Coordination in the Network Minimum Game (JOB MARKET PAPER)
We study organizational design and its role in coordination failure using the network minimum game: a version of the minimum-effort game where dependencies between players are captured by a directed network. We show, theoretically and experimentally, that acyclic networks are most conducive to successful coordination. Indeed, introducing a single link to complete a cycle of dependencies may destroy coordination. Further, acyclic networks make coordination resilient: initial coordination failure is often overcome after repeated play in acyclic networks, but not in cyclic networks. Our findings provide a novel perspective on the near-ubiquity of acyclic (e.g., hierarchical) structures in organizations.
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- Bandits in the Lab (John McMillan Prize for the Best Paper in Economics by a PhD Student)We conduct an experimental test of the main theoretical predictions of the model of strategic experimentation with exponential bandits by Keller, Rady, Cripps (2005). We find strong evidence for their prediction of free-riding because of strategic concerns. While experimental subjects are not able to update their beliefs precisely, we nonetheless find strong support for the equilibrium prediction of non-cutoff behavior as well.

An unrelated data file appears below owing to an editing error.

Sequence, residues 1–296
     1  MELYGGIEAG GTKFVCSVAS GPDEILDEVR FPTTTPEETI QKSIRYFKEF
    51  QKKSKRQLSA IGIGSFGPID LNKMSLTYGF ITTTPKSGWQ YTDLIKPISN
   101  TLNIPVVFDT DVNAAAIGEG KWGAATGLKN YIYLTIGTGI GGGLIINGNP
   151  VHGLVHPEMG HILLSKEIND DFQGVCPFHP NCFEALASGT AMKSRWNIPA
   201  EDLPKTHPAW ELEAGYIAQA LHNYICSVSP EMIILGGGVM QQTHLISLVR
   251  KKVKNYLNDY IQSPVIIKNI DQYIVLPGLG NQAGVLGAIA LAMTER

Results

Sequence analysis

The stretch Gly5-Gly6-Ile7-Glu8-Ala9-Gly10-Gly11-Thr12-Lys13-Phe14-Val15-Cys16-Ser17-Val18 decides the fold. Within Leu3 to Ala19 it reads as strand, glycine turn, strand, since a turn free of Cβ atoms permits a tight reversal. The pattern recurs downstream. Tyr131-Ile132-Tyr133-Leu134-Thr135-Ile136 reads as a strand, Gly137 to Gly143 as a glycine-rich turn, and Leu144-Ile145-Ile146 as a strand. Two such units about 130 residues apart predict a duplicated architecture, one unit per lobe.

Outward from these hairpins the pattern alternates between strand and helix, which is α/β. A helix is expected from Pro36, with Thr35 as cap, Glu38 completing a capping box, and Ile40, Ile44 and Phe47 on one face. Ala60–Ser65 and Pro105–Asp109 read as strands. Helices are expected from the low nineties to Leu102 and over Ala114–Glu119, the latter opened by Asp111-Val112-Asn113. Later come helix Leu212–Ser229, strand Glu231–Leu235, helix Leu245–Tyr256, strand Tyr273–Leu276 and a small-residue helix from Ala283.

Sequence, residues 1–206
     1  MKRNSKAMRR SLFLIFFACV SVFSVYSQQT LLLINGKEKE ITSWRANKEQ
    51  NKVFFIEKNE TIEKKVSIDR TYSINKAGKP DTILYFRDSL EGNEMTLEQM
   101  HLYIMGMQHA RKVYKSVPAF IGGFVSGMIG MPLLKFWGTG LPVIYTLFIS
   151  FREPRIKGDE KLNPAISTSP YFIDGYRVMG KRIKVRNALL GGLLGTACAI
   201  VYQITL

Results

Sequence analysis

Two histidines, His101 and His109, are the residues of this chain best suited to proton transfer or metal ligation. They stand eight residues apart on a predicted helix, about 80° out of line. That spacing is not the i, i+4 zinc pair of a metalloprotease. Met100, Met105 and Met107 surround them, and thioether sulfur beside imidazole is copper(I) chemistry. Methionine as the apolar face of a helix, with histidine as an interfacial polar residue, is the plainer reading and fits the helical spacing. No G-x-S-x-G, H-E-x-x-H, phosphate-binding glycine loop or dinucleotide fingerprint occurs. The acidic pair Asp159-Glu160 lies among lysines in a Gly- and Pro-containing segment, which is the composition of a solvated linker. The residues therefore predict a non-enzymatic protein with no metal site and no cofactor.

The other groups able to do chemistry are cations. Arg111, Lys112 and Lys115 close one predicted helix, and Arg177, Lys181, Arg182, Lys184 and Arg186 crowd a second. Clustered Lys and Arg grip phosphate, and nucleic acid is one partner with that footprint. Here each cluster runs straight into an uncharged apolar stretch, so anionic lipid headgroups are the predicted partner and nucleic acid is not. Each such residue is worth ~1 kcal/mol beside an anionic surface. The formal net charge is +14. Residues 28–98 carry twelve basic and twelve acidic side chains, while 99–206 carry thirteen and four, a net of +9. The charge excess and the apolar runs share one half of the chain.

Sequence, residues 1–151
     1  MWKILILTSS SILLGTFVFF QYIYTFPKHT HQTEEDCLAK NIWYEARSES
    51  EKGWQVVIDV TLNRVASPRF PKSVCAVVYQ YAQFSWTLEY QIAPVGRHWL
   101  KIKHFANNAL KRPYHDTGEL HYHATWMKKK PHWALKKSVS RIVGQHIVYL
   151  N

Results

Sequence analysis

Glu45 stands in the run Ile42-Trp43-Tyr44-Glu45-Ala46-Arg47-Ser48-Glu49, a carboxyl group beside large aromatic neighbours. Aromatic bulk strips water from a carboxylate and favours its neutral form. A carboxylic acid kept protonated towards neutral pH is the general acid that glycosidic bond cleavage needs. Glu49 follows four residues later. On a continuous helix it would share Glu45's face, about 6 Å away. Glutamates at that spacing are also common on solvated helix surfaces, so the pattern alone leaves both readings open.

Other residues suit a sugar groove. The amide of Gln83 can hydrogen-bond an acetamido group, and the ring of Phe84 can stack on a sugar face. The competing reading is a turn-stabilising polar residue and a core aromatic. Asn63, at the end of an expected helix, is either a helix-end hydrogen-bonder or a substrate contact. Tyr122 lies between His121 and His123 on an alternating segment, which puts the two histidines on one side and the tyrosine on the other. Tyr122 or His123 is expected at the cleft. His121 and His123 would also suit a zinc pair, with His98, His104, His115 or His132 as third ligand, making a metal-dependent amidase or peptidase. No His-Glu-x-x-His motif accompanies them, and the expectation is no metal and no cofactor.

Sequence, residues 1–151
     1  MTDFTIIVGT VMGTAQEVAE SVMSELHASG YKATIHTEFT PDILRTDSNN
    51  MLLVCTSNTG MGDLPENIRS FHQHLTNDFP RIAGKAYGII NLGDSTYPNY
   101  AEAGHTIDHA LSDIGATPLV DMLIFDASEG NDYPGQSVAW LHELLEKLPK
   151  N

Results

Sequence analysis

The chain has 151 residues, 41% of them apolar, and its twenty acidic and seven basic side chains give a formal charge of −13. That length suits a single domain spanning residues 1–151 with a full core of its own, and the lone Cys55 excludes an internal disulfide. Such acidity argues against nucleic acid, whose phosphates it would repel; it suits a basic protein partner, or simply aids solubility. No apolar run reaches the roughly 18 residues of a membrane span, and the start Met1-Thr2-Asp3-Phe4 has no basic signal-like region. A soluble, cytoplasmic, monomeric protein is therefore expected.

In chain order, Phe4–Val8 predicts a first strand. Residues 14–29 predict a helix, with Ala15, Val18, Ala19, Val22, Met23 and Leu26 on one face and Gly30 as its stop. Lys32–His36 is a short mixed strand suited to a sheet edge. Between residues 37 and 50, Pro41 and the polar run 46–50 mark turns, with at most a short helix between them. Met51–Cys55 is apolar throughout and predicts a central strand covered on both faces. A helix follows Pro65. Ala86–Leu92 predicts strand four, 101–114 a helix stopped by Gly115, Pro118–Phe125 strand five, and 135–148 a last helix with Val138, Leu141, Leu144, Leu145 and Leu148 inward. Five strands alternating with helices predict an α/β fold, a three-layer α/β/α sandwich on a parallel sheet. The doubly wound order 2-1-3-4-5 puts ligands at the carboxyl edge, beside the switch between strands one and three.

- Outside Options, the Hold-Up Problem and Trade Effects (coming soon!)Hold-ups arise in bilateral trade when specific investments are involved and contracting is incomplete. This means that parties will invest less than the social optimum. Outside options can help improve efficiency in asymmetric information environments. These options can be thought of as reflecting ownership of an asset. In this paper, we consider an environment with an ex-ante investment stage and where ex-post bargaining takes place under one-sided asymmetric information. We present an example where only the presence of an outside option allows for mechanisms that achieve approximately ex-ante efficiency. Without an outside option, any static or sequential mechanism performs worse, which we see as a justification for the role of ownership allocation in contracting under incomplete information. We take these theoretical predictions to a laboratory setting, and find that outside options as implemented through asset ownership are valuable, not because of efficient ex-ante investment but because they reduce ex-post frictions.